“Twas the Cab before Christmas, when all through Bad Times
All the people had gathered to enjoy festive rhymes.
The glasses were filled by the bar staff with care,
In hopes that Finn ‘n’ Friends soon would be there.

When up on the stage, will arise such a clatter
Of singing and dancing and humorous chatter.
Comics and crooners, all with a part
Thrice increasing the size even the Grinchiest heart.

So spring from your work, to a cab give a whistle,
Get over to Buddies like an eggnog-fuelled missile.
December 1st will be a festival of light
Merry Christmas to all, come join us that night!”
– Dillon Goldsmith

Stay tuned for Cast Spotlights!

Bygone Theatre Holiday Auction

Bygone Theatre’s Holiday Auction is just around the corner! We’ve got something for everyone, with some bids starting as low as $5. Wide range of items including theatre tickets to shows produced by Buddies in Bad Times, Scarborough Music Theatre, Hart House Theatre, Crow’s Theatre and Mysteriously Yours Dinner Theatre; vintage items from Tucked Away Antiques like signed photos of classic Hollywood stars and vintage movie posters; charming themed gift baskets; getaway packages to New York, Tuscany and Sonoma, and much more!

Proceeds go towards our upcoming production of His Girl Friday, running March 2-5, 2017. This is a big show with a big cast – 18 actors! – and so we have a lot of work to do. Help support local theatre while doing  your Christmas shopping from the comfort of your own home! Auction runs online from 9:00am Thursday December 8th to 2pm on Saturday December 10th – bid at bygonetheatre2016.eflea.ca.

 

Merry Christmas!

We’d like to wish all our friends, family & fellow theatre lovers a very merry Christmas and happy new year. Thank you for your continued support, and we hope to see much more of you in the new year.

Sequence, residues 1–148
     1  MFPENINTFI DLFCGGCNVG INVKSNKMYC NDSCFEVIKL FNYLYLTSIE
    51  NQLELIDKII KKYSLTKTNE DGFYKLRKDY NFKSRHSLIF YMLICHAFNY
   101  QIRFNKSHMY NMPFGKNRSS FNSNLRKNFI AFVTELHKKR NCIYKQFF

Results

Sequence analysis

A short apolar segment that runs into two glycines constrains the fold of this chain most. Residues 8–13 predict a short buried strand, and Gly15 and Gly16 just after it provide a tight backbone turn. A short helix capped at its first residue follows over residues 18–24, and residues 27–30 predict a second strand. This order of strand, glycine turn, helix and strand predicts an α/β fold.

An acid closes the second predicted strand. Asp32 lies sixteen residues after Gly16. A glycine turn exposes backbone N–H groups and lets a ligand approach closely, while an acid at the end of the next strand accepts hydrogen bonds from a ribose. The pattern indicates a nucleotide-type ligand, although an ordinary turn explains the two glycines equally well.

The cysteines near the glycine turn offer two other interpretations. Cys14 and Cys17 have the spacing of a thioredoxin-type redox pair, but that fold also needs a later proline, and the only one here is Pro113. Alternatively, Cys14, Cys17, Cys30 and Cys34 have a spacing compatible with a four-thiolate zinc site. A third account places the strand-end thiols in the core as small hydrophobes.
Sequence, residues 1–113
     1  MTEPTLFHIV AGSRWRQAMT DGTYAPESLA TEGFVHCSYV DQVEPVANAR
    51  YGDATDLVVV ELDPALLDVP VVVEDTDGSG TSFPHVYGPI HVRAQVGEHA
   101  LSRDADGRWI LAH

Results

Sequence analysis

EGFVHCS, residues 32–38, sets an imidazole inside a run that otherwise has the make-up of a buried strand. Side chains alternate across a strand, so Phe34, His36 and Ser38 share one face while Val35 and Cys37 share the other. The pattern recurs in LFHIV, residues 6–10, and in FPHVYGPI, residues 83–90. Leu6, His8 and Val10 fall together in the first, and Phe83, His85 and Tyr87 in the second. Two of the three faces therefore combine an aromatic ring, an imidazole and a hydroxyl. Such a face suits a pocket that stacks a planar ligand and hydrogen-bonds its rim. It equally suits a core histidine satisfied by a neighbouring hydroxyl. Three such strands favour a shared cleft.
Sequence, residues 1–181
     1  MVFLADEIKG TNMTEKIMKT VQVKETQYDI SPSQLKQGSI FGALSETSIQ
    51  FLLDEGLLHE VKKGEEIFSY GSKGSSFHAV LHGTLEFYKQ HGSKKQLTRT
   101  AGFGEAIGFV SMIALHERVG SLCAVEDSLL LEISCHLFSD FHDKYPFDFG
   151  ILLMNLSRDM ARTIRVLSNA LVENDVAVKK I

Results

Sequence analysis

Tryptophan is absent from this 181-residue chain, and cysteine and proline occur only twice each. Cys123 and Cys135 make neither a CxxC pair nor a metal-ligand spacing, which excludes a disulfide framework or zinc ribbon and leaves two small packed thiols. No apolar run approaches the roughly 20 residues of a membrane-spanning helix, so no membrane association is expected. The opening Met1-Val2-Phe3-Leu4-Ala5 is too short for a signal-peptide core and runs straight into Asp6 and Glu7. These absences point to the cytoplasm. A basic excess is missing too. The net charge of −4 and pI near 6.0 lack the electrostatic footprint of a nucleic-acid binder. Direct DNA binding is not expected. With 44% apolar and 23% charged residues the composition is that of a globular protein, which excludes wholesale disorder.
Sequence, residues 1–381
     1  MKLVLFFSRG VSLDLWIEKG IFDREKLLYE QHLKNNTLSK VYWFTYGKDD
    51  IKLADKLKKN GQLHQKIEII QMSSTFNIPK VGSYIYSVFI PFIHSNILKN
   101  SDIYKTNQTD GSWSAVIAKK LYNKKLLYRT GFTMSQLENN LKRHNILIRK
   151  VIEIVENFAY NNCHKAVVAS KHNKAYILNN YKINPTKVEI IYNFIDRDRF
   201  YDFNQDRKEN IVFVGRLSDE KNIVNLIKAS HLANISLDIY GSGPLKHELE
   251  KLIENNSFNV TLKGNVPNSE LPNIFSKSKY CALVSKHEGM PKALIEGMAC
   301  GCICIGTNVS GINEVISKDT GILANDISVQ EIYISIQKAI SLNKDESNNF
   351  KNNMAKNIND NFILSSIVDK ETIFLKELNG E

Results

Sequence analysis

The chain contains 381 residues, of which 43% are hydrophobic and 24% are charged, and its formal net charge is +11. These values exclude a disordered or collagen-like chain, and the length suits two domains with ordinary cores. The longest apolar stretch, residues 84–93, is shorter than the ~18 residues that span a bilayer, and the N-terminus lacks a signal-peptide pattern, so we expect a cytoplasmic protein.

To wrap up our Retro Christmas Countdown, here is our Top 20 Forgotten Vintage Christmas Songs – throw them on while you’re unwrapping presents or meeting your sweetheart under the mistletoe. Enjoy!

-E.

Retro Christmas Countdown – Xmas in the 20th Century

While Christmas dates back hundreds of years before, it was the start of the 20th century that saw the turn towards the lavish and very commercial holiday that we all know today. Here’s a very brief history of Christmas traditions from the last century.

1900s

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The first Christmas card was created in 1843 by John Horsley, and by the turn of the century the Victorian’s love of sentimental greetings had made this a popular tradition.

The Victorian styles of decorating carried into the start of the 20th century, with gilded nuts, candles and paper ornaments adorning trees.

This decade also saw the creation of what was to become one of the most popular children’s toys of the century; the Teddy Bear. Named after President Roosevelt, the charming story of the origin of this toy and its name can be read here.

1910s

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As Christmas rapidly became a highly commercialized holiday, more and more companies used it as a means of selling their products, and the image of Santa Claus began to morph into the one we are familiar with today. It was in the 1910s that Santa’s now unmistakable look, with red suit and pants trimmed in white fur, matching cap and long white beard, began to become the norm.

While a legend has grown that claims Coca Cola invented the modern-day image of Santa, that is not quite the case. Prior to the famous Coca Cola Santa (who was created in 1931), the jolly elf had been portrayed as anything from tall and lanky to a munchkin-sized man. Norman Rockwell had painted a Santa who is strikingly similar to the 30s Coke version all the way back in 1911, however it wasn’t until Coke began regularly producing consistent looking Christmas ads that the current version of St. Nick really began to stick.